Internal and external worlds collide in the psychologically charged art of Norma Tanega


Drugs, for better or for worse, are a central theme in Norma Tanega’s current exhibit at White Columns, at the late artist’s first New York exhibit. Interior landscapes: Paintings 1967-2005 includes 19 paintings, half of which are abstract landscapes and the other half are metaphysical self-portraits inspired by various prescription drugs or the mental states they induce and their lingering effects.

Despite the purported antidepressant effects of Wellbutrin, “Medicine Head (Wellbutrin)” (2005) suggests otherwise. A colorful bearded face is painted as if it is melting. He looks tired, dejected, and in full failure mode. Likewise, the face of “Zoloft” is made up of brightly colored regions – a map of emotional territories – the subject’s true identity is immersed somewhere deep within him.

Installation view of Norma Tanega: Interior landscapes: Paintings 1967-2005 at White Columns, New York (photo: Marc Tatti, courtesy of White Columns)

Tanega, who died in 2019 at the age of 80, has always had to navigate a hyphenated identity. She identified herself as a lesbian, painter, poet and musician, composing songs and playing piano and guitar. Her mother was Panamanian and her father Filipino. Although she was already a stage musician as a teenager, she was also engaged in the fine arts, obtaining a master’s degree in fine arts in 1962. From that point on, she alternated her musical and artistic career.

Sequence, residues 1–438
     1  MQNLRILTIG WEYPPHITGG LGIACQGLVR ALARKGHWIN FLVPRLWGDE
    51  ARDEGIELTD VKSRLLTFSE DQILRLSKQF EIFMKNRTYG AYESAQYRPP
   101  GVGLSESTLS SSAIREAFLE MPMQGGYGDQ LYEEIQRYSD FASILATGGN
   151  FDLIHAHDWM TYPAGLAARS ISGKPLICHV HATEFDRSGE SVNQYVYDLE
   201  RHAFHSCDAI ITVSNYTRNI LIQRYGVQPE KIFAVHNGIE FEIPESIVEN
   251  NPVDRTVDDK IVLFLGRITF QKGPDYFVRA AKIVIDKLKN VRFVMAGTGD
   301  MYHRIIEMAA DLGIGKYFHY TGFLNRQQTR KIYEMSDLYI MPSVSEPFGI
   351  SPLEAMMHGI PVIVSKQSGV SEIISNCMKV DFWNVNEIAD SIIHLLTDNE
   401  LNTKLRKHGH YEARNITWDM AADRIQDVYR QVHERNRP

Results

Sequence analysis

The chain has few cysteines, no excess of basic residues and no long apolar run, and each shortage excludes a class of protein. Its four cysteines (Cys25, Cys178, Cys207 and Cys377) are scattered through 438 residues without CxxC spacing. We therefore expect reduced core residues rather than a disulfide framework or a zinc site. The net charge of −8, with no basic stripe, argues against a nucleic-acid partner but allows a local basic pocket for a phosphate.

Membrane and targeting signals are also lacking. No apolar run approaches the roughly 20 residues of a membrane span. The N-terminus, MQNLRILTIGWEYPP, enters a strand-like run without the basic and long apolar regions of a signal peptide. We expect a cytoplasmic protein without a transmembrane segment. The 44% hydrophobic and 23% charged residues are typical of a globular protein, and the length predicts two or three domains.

In 1966, she had a surprise hit song with “Walkin ‘My Cat Named Dog”. Then, after touring Europe and a five-year relationship with singer Dusty Springfield, she returned to her native California, where she lived a low-key life, dividing her time between teaching, painting, and music.

Display of ephemera in Norma Tanega: Interior landscapes: Paintings 1967-2005 in White Columns, New York (courtesy White Columns and the Estate of Norma Tanega)

For the most part, the energetic colors of Tanega’s sorbet are reminiscent of the artwork of other celebrities who have maintained a parallel practice in the visual arts, for example Bob Dylan, Joni Mitchell, and Henry Miller. In such cases, it’s hard not to read the autobiography in every brushstroke. Tanega’s approach to tagging comes across as a flow of consciousness, as if she’s engaged in a conversation with herself, not with the outside world, or art history, for that matter. A sense of listening to her inner self permeates this show, and that’s one of the reasons the show is worth seeing.

Norma Tanega, “Butoh” (1980-1997), oil on canvas, 30 x 24 1/8 in.

The most revealing work is his oil painting “Hydrochlorothizade” (2005–6), named after a drug that treats water retention and bloating. It represents a vibrant and multicolored head that seems to open wide. The top of the head is a swirl of psychedelic colors and shapes, but the eyes are empty.

When looking at the abstract landscapes that make up the other half of the exhibition, it seems clear that Tanega is using the landscape as a metaphor for the mind. Although they contain shapes that read like mountains or hills, there are no landmarks, trees, buildings, animals, or people. In the absence of such known things, paintings like “Ondulation” (2004-5), “Internal Landscape” (1997), “Beyond the Dumping Ground” (2004) all involve a world of personal feelings and reflections, made perhaps more for herself than for her audience.

Norma Tanega: Interior landscapes: Paintings 1967-2005 continues at White Columns (91 Horatio Street, Manhattan) through October 16. The exhibition was organized in collaboration with Matt Werth.

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